The goal of the project is to gain handson experience with analysis of a dataset of your choice. You should select a problem and a dataset that can be analyzed using methods covered in class. The project should be conducted in groups of 24 people. Each group should work independently, but you are welcome to discuss technical issues on Piazza. Completion of the project will include a project proposal, two milestone project updates, a report, and a review of the project by another team.
Students are expected to attend lectures and actively participate by asking questions. While students are required to complete homework programming exercises individually, helping fellow students by explaining course material is encouraged. At the end of the semester, students will be able to indicate which of their peers most contributed to their understanding of the material, and bonus points will be awarded based on this feedback.
The final grade for this course will be weighted as follows:
Class participation will be used to adjust the final grade upwards at the discretion of the instructor.
Students will be asked to indicate the amount of time spent on each homework, as well as the project. The will also be able to indicate what they think went well, and what they think did not go well. There will also be an opportunity to provide feedback on the class after the midterm exam.
Note: This schedule is subject to change and will be adjusted as needed throughout the semester.
Date 
Lectures 
Homework / Project 
Reading 


Wed Sep 05 
1 
Overview: Unsupervised Learning and Data Mining [slides] 

Mon Sep 10 
2 
Math Review [slides] 
Homework 1 Out 
[CS 229 Linear Algebra Notes], 
Wed Sep 12 
3 
Frequent Itemsets & Association Rules [slides] 
Selftest Due (Fri) 

Mon Sep 17 
4 
Maximum Likelihood, Maximum A Posteriori, Conjugacy [slides] 

Wed Sep 19 
5 
Predictive Distribution, Graphical Models, Exponential Families [slides] 

Mon Sep 24 
6 
Bayesian Regression [slides]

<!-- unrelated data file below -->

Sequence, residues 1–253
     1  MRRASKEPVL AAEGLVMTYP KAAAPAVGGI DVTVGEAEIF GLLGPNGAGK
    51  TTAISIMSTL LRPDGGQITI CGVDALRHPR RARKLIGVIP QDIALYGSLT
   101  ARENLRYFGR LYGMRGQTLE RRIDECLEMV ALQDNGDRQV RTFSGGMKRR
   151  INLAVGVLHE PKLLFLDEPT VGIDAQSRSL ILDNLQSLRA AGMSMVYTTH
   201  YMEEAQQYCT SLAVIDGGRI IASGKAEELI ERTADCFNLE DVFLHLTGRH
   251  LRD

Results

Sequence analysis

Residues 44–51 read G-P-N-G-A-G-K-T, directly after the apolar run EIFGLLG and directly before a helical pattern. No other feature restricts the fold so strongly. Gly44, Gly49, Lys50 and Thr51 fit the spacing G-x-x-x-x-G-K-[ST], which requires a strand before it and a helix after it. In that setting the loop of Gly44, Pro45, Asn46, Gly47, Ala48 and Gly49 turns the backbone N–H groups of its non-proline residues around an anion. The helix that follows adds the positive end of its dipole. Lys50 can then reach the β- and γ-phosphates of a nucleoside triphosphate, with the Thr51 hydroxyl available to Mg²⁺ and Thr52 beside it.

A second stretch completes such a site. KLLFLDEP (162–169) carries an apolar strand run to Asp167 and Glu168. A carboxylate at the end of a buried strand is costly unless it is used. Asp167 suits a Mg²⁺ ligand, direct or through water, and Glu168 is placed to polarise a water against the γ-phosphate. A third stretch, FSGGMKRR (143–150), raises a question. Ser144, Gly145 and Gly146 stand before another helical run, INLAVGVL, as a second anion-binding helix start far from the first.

Homework 2 Out 
Bishop [Ch 1.11.2, Ch 3.13.3], Optional: Rasmussen and Williams [Ch 1, Ch 2, Ch 4] 
Wed Sep 26 
7 
Dimensionality Reduction 1 [slides] 

Mon Oct 01 
8 
Dimensionality Reduction 2 [slides] 
Homework 1 Due (Fri) 

Wed Oct 03 
9 
Clustering 1 [slides] 
Project Teams Due 

Mon Oct 08 
Columbus Day (No Class) 

Wed Oct 10 
10 
Clustering 2 [slides] 
Homework 2 Due (Fri) 

Mon Oct 15 
11 
Clustering 3 [slides] 
Homework 3 Out 

Wed Oct 17 
12 
Clustering 4 [slides] 

Mon Oct 22 
13 
Clustering 5 [slides] 
Project Abstracts Due 

Wed Oct 24 
Midterm Exam 

Mon Oct 29 
14 
Topic Modeling 1 [slides] 

Wed Oct 31 
15 
Topic Modeling 2 [slides] 
Homework 3 Due (Fri) 

Mon Nov 05 
16 
Topic Modeling 3 [slides] 
Homework 4 Out 

Wed Nov 07 
17 
Community Detection 1 [slides] 
[Review by Fortunato], Leskovec Rajaraman & Ullman [Ch 10.110.4] 

Mon Nov 12 
Veteran’s Day (No Class) 
Project Milestone 1 Due 

Wed Nov 14 
18 
Link Analysis 
Homework 4 Due (Fri) 
Leskovec Rajaraman & Ullman [Ch 5] 
Mon Nov 19 
19 
Community Detection 2 [slides] 
[Review by Fortunato], Leskovec Rajaraman & Ullman [Ch 10.110.4] 

Wed Nov 21 
Thanksgiving (No Class) 

Mon Nov 26 
20 
Recommender Systems [slides] 
Project Milestone 2 Due 

Wed Nov 28 
Review 

Mon Dec 03 
Project Presentations 

Wed Dec 05 
(No Class) 
Project Reports Due (Fri) 

Mon Dec 10 
(Start of Exam Week) 

Wed Dec 12 
Final Exam 
Project Revuews Due (Fri)